BMW: The Ultimate Parking App
Although BMW may be all about the Ultimate Driving Machine, people at the company understand that at some points in the driving experience, people have to park their machines, ultimate or otherwise.
So big credit has to go to BMW for forming a joint venture company with Urban Mobility, ParkNow, a service that will be launched in September in San Francisco to facilitate parking.
Why San Francisco? Well, in addition to being at the leading edge of much, there is also a situation wherein there are reportedly about 505,000 vehicles in the city. . .and 448,000 parking spaces available at any given time. And on weekdays, with commuters coming to the city, there are an additional 35,000 cars on the street. It is estimated that about a third of the downtown traffic during a weekday consists of drivers looking for a place to park.
While the cars may be moving, that’s certainly not mobility.
So there is ParkNow, which will be starting next month, which supplements DriveNow, a car-sharing service that BMW operates in San Francisco, offering its ActiveE all-electric vehicles.
ParkNow allows customers to use a mobile app or website to search for parking (there are 14 ParkNow locations in the Bay Area, close to BART, Muni, and bike-sharing stations, as well as at SFO, Oakland International, and down in Palo Alto; partner companies are going to setup more than 100 additional locations soon), then reserve, pay, and be navigated to the selected spot.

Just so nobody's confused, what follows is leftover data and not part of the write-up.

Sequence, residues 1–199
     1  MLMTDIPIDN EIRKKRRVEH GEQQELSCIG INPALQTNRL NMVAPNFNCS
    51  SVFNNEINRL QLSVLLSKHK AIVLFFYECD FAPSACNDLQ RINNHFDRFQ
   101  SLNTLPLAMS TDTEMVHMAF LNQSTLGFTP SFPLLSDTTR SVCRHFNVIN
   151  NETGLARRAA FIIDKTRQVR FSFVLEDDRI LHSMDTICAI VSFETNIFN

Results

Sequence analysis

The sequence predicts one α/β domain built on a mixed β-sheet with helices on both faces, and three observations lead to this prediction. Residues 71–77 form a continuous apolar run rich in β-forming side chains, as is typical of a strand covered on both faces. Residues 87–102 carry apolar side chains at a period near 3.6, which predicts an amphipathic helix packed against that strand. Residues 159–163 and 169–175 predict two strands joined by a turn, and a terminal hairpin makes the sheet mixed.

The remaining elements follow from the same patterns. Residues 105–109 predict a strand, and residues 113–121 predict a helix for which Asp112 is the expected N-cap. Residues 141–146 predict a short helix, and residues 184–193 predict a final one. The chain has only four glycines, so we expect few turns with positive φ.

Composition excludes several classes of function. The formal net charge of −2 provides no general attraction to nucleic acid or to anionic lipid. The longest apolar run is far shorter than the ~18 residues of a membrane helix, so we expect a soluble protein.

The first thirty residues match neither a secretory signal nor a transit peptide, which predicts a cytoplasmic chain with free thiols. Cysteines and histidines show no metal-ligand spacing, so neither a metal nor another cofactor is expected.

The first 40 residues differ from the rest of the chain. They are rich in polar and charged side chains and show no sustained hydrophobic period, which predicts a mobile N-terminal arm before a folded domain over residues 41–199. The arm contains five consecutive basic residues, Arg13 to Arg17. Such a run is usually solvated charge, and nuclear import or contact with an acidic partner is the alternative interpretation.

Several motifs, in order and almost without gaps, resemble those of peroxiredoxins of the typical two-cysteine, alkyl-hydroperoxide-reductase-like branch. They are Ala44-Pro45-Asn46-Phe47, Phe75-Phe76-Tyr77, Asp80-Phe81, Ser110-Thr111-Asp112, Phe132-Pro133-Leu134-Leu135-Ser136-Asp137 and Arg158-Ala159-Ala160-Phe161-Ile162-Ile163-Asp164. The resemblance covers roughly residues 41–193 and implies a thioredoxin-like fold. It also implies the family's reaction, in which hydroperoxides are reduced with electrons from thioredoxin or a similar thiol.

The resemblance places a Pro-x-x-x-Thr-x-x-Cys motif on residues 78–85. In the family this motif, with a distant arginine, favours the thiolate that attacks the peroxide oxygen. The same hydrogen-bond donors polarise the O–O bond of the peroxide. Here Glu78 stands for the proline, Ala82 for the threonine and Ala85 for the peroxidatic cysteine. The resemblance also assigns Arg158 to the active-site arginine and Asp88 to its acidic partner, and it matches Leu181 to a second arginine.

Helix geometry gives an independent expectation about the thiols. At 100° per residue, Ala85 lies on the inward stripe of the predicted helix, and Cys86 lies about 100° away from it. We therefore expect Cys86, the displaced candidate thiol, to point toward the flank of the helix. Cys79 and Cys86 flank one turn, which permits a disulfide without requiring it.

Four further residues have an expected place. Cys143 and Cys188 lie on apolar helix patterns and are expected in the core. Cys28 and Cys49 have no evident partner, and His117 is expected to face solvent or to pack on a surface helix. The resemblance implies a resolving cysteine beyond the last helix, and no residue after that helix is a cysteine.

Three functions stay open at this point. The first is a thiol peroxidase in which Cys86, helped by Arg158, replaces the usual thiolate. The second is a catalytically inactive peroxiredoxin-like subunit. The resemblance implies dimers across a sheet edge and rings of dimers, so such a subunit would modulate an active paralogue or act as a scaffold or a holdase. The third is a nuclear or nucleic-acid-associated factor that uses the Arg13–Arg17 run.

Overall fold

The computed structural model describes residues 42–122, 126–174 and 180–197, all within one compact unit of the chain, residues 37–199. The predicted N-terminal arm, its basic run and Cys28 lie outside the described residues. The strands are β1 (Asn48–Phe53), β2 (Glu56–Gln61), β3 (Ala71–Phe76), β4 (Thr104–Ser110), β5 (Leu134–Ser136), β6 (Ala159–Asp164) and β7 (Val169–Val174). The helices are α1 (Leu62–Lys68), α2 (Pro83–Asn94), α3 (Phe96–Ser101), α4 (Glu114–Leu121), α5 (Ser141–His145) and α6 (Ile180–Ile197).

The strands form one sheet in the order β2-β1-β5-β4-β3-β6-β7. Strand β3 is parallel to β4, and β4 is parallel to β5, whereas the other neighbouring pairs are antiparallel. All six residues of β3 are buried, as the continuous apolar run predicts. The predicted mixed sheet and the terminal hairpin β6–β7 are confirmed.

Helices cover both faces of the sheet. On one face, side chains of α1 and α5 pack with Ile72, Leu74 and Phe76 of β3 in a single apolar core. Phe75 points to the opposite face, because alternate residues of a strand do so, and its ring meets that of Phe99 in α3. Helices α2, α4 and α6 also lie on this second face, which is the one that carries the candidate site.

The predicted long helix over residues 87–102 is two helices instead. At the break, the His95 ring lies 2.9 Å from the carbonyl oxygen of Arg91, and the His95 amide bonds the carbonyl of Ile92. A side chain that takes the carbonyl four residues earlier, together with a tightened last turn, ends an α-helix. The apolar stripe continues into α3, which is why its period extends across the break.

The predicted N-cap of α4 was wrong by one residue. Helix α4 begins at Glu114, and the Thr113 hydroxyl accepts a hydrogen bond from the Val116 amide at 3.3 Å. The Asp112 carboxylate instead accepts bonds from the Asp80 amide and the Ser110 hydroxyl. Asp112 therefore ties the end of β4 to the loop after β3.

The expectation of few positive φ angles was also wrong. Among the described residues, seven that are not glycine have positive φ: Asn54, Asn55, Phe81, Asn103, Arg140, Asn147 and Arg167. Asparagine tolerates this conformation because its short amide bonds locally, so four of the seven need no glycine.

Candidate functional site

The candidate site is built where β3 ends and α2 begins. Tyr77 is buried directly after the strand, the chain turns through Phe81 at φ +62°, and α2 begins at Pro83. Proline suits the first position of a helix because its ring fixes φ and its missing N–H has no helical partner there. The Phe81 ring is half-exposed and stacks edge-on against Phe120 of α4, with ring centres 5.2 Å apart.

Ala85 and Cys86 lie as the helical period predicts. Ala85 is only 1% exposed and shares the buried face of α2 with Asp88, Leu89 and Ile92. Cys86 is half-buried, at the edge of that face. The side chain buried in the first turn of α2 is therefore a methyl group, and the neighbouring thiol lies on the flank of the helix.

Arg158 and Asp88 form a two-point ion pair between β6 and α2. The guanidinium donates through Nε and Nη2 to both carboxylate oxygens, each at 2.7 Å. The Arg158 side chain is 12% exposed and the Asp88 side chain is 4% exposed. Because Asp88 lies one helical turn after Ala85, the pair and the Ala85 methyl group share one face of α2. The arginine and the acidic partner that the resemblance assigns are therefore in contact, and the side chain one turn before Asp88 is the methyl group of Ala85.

When the user books a parking spot, an e-ticket with a QR code is sent to her phone. That code is scanned at the garage going in and out. Payment is automatic, though the user’s ParkNow account. (There isn’t a membership fee; the user is charged only when parking.)
A couple things are notable about this. One is that there is a recognition by BMW that there has to be a systemic view of the car or light truck in the 21st century: it is not just about the vehicle itself, but the vehicle within an infrastructure, so to the extent that this can be improved, the better. Another is that it is clear that an increasing number of people—especially young people—who think that cars are a hassle. Which is not beneficial so far as car companies are concerned. Things like car sharing and using technology to facilitate the driving experience—things that make cars less of a hassle—are going to be beneficial for the car companies who are identified with supporting such things.
And BMW gets it.
The Tesla Model 3 is certainly one of the most controversial cars to be launched in some time, with production models (a comparative handful, admittedly) presented on a stage with a throng of people treating it like it was an event with Beyoncé, Taylor Swift and Ed Sheeran, all at the same time.
Hyundai enters the American market with a new parallel hybrid system that uses lithium-polymer batteries and the same six-speed automatic found in non-hybrid versions of the 2011 Sonata.
Although the term “continuous improvement” is generally associated with another company, Honda is certainly pursuing that approach, as is evidenced by the Accord, which is now in its ninth generation.